Yes, we have laughed together and cried together. I couldn’t hold back on the net being upset one day just before Christmas. The thought of not being with family for Christmas! Not much more than half way across with little wind it seemed like we would be in the Atlantic forever. Everyone on the net was so good at cheering me up. We were” all in the same boat” scattered over thousands of nautical miles. Diana on one boat had the very upsetting experience of her kitten falling overboard one night at sea never to be seen again. We all knew what she had been through with this kitten and how much she loved it. She had rescued it in Morocco when in was 3 weeks old and fed it with an eye dropper to be very healthy. She had got all the vaccinations and certificates to be able to take it back to America. There were many wet eyes the day she cried her way through telling us what had happened on the radio.
It made me appreciate how important radio nets in remote areas of Australia would be to keep people in touch with each other. Interesting enough I only read one book coming across the Atlantic and it was about Australian outback heroes who worked hard, under extreme conditions in the outback in different ways to make it a better place including communication.
We anchored off a beach near Bridgetown and caught the bus around to see the island of Barbados which we enjoyed. Very scenic! It was quite a dingy trip to check in where the Cruise ships come in. We stopped off and had a very layback afternoon one afternoon at the cottage of an American ex musician who had lived in Barbados for 15 years. He called his cottage by the beach Hotel California! He was certainly friendly, a good singer & piano player! His name was Bob. Our Bob also played some good tunes. We joked we got our TWO BOB’S worth. Emma off the NZ boat sang and also played guitar as we all tried to sing along. The last night in Barbados we went as a group on a bus to a local fish restaurant which was great. We went ashore to a beach bar which was very lay back to do interneting and got some water in our bottles. It was a bit tricky going into the beach in out dingy & keeping the computer dry. We also used the library in town to do interneting. Where we tied up our dingy was a very impressive park still with Christmas decorations. Bridgetown is a very lively! Colourful place!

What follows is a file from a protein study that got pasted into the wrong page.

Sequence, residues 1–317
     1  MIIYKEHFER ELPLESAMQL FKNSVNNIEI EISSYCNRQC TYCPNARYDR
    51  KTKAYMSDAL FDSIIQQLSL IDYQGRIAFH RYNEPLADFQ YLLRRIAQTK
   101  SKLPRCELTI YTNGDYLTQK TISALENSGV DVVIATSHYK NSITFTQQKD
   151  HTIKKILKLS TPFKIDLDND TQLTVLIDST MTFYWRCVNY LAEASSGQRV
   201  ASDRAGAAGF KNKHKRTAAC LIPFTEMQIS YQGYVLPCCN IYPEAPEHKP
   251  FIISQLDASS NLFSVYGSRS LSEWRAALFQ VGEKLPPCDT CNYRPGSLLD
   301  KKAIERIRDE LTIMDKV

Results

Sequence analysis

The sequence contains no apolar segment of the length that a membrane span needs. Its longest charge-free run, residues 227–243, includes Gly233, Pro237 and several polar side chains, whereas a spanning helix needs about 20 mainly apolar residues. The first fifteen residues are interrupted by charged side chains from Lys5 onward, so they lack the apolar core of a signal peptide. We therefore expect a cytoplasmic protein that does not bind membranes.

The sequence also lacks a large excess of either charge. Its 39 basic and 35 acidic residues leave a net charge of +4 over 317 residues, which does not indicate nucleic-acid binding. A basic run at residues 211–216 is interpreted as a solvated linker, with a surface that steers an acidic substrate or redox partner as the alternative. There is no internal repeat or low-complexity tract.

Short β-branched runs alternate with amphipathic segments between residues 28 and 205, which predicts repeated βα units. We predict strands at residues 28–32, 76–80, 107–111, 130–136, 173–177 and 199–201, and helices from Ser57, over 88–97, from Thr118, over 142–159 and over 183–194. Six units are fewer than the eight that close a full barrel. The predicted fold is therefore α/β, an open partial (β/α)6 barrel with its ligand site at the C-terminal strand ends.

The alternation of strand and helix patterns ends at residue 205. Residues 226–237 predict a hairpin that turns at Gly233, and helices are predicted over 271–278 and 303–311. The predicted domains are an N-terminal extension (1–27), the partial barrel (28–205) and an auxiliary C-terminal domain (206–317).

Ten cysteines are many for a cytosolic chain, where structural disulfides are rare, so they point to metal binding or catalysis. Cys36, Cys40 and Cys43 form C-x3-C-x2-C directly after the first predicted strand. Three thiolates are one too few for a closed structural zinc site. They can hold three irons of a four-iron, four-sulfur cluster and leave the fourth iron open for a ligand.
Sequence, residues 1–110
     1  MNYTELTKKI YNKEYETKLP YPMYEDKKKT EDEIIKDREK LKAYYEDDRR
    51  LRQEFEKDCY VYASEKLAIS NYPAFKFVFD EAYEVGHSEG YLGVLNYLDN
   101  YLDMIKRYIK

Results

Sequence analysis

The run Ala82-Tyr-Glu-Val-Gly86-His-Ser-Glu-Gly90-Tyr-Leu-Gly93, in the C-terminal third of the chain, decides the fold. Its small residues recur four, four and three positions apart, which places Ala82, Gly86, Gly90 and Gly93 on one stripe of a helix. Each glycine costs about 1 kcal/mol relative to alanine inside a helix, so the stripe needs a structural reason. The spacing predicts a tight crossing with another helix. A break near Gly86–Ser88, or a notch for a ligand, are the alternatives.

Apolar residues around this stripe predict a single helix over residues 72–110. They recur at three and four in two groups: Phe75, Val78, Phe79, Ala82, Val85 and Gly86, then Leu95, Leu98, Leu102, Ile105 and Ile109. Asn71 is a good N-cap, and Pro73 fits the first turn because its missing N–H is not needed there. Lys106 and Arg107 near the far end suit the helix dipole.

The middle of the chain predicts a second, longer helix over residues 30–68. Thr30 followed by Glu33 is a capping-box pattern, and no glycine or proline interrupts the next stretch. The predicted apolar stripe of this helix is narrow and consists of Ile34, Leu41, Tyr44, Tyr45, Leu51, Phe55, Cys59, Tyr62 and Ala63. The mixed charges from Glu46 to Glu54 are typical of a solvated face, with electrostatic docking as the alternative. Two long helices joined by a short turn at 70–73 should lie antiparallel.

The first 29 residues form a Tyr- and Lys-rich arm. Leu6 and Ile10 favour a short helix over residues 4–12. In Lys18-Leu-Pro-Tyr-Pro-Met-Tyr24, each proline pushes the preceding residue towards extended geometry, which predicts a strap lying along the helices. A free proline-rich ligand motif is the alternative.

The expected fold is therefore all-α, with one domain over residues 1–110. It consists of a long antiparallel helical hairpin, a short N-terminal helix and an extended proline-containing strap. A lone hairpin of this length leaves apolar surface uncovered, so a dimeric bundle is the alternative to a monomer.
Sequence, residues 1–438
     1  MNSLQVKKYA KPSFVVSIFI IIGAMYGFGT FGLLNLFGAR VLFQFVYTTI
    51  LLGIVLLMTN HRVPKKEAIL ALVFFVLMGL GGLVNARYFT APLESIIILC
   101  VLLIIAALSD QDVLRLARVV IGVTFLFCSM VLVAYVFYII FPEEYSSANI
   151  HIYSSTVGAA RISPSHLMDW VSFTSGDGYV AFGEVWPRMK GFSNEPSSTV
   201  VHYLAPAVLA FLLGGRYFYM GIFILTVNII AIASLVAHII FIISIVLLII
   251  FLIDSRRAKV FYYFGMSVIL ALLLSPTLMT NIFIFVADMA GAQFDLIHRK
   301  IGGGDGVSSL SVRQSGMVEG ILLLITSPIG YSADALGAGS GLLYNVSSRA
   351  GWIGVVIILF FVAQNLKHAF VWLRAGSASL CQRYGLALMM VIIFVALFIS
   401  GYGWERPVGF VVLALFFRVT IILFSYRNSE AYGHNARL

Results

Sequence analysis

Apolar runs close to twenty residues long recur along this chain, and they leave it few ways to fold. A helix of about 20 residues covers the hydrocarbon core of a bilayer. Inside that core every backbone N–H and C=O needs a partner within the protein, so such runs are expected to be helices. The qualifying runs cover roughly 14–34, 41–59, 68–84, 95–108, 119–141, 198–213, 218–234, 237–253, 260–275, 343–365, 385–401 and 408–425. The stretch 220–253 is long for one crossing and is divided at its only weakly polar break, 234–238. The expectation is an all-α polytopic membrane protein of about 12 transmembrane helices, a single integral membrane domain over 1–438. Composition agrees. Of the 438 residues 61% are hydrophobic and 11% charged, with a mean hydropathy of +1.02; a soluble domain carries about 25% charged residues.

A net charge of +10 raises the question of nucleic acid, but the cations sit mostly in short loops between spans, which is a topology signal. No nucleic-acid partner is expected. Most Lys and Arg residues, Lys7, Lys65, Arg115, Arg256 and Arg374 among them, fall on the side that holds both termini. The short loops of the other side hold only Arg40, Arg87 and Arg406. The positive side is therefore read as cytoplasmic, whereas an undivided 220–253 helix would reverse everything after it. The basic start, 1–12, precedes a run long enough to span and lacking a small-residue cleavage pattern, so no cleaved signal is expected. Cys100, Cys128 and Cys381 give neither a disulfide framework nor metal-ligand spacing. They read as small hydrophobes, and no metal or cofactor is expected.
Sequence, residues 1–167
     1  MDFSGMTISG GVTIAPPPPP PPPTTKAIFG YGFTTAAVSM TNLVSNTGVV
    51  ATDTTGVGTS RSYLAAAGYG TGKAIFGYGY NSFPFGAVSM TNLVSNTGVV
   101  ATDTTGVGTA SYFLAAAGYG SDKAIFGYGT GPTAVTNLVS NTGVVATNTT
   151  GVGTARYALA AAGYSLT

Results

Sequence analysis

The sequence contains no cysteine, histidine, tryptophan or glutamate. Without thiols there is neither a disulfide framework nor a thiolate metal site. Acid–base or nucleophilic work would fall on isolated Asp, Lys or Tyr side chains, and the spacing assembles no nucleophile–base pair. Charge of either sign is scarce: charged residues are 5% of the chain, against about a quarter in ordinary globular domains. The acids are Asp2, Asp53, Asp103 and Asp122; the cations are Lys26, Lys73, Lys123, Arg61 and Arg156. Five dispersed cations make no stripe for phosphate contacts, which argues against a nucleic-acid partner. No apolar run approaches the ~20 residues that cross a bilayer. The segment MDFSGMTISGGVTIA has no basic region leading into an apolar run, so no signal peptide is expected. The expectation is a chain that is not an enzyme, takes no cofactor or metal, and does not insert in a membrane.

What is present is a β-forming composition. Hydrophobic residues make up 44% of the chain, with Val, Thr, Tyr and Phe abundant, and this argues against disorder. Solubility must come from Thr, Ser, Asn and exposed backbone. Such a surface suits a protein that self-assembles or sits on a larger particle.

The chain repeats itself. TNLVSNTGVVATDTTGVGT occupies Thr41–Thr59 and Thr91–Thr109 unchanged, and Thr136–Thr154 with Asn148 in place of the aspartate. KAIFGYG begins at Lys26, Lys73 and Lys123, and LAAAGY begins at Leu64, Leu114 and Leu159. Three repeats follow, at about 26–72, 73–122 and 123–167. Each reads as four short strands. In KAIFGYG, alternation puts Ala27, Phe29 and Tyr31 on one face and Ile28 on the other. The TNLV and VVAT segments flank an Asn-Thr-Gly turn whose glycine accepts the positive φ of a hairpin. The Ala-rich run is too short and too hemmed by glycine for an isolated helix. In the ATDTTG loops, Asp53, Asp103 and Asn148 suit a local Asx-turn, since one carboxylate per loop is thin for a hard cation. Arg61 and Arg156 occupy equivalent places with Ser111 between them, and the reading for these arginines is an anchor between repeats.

After about 5 days in Barbados we moved on to the French Island of Martinique. We anchored at St Pierre with a spectacular volcanic mountain backdrop and very lush green vegetation and palm trees. In 1902 the Volcano erupted killing 30,000 people. Here we caught up with two more boats crossing the Atlantic with us “Meander” from Aussie with Ray, Julie, 14 yo Sam & Milo their dog.“Tosca” An English boat with Nathan & Ashley and Chester their dog. We had a fun night on Juliana that night. They headed for Martinique rather than Barbados as they had dogs on board that weren’t allowed off the boat in Barbados. We sailed with these two boats to the island of Dominica where we anchored up in Prince Rupert Bay. We hope to spend some more time on this beautiful island when we come back from Australia.
We then sailed on to a small French Island in the Guadeloupe group anchoring in Les Sainte a quaint place with lovely fresh French bread and real French but a Caribbean twist. We walked up the hill for a great view of the bay! We had great sailing days between the islands averaging about 7 knots with low swell. As we were sailing with” Meander” a Catamaran we took photos of each other’s boats under sail which are on the blog. We anchored overnight in another lovely bay, Deshaies, NW Guadeloupe. It was great cooling off jumping off the boat! It is a hard life! It was then a day sail to Antigua where we are now!
Some say their life is boring compared to ours! The grass is always greener I can tell you & often I dream of having a normal life again with the luxuries such as a washing machine, limitless water & power, being able to walk into a supermarket and get what you want without surprises and having to work out the price in different currencies and pounds rather than kilos etc. Also to have reliable conditions for sleeping!


2010-01-12 to 2010-01-20

We spent about 10 days in Antigua, most of the time in Falmouth. We walked around Nelson’s dockyard, caught a bus to Budget Marine, Jolly Harbour & St John one day. St John is the capital and where the Cruise ships all come in. A lot of Indians have shops here! Stefan had wanted a keyboard for a while on the boat and found one here. He got it for a good price as some of the keys didn’t work but Stefan was sure he could fix it and did. It is always interesting to see a bit of the island by bus. The buses are small and privately owned. When you want to get off there is no bell. You just yell out STOP BUS PLEASE and it stops. People as they get on the bus usually say good morning to everyone on the bus as they board.

We had a problem with our fridge and had it fixed here after a few visits by a Canadian recommended to us by a boat anchored nearby, Magnum. We did our interneting at a friendly bar called The Mongoose where a lot of the yachties met. We met a lovely Aussie couple Marno & Shelley on boat Atitudes and had a lovely night aboard Juliana with them. We could see Montserrat Volcano on the next island, still active, going off regularly from our anchorage.

When we were approaching Antigua from the sea we saw a mast towering over the mountain. Stefan guessed it would be that of Mirrabella 5. As an engineering feat Stefan had read every detail about this boat since she was launched. We had circled around Mirrabella 5 in our dingy in amazement in Gibraltar, taking a picture, which we put on the blog, when she was there with us, never realizing in our wildest dreams we would be invited on board later down the track. When we arrived and she was in Falmouth, Antigua, Stefan studied her in amazement from the jetty and I took a picture of him at her stern.